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This collection, featuring seven pieces from 2011 to 2015, celebrates Noah Creshevsky's 70th year with a fittingly life-affirming and masterful verve. An award-winning composer who has studied with Nadia Boulanger and Luciano Berio, he began composing electronic music in 1971, using the power of circuitry, tape and then digital technology to create a "hyperreal" musical world in which recordings of human performers, both vocalists and instrumentalists, are juxtaposed and recombined in compositions which span eras, cultures and genres. His use of expanded musical palettes arises from an aesthetic of inclusion, guided by an open spirit and an expansive musical sense. The combination of the emotional power of human performances with the precision of computers create real-beyond-real super-performances of surprising control and virtuosity, resulting in a hypothetical and yet very real music, full of drama, humor, and tenderness. This CD, Creshevsky's second release on EM, following the 2004 "Tape Music" compilation, gives ample evidence of both his mastery of digital technology and his profound, empathetic musical instincts. His ability to use the computer to highlight the gifts of human performers is displayed on every track, including a piece which focuses on Japanese vocalist Tomomi Adachi.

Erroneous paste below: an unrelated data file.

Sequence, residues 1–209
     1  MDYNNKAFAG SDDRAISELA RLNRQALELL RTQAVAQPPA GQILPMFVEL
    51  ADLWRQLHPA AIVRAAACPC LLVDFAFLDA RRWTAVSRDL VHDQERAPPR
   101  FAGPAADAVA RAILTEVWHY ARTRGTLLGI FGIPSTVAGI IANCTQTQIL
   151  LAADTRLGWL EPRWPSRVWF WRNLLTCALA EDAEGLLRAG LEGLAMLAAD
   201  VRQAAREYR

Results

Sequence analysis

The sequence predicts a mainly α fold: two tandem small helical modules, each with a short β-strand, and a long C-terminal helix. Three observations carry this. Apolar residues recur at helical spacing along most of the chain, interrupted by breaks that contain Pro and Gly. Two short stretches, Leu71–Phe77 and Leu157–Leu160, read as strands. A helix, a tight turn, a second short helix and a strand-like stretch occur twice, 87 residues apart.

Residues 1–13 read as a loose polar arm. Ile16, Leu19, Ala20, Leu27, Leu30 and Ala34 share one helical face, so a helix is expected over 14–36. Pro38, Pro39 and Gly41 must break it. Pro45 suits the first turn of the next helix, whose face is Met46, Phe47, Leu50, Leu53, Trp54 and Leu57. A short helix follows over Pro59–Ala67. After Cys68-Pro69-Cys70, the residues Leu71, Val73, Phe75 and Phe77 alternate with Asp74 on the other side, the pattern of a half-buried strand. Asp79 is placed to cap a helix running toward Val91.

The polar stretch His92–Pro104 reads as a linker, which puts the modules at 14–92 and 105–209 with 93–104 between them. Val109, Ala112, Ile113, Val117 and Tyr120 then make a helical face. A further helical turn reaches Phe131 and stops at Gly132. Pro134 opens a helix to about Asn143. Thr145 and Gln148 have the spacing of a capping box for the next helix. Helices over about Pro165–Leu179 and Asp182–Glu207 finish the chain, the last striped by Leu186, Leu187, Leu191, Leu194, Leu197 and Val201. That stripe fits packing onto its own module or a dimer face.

"I do not exaggerate when I say that I have never heard anything like Noah Creshevsky's music before - though I can hear the ghost of Berio lurking in there. This music is uncompromising. It has a robust sense of humor." - American Record Guide
Hyperrealism is an electroacoustic musical language constructed from sounds that are found in our shared environment ("realism"), handled in ways that are somehow exaggerated or excessive ("hyper").
Fundamental to hyperrealism is the expansion of the sound palettes from which music is made. Developments in technology and transformations in social and economic realities have made it possible for composers to incorporate the sounds of the entire world into their music. Essential to the concept of hyperrealism is that its sounds are generally of natural origin, and that they remain sufficiently unprocessed so that their origin is perceived by the listener as being "natural." Since the sounds of our environment vary from year to year, generation to generation, and culture to culture, it is impossible to isolate a definitive encyclopedia of "natural" sounds, but there are a great many sounds that are familiar to nearly all of us. These are the most basic building blocks in the formation of a shared (if temporary) collective sonic reality. Hyperrealism celebrates bounty, either by the extravagant treatment of limited sound palettes or by assembling and manipulating substantially extended palettes.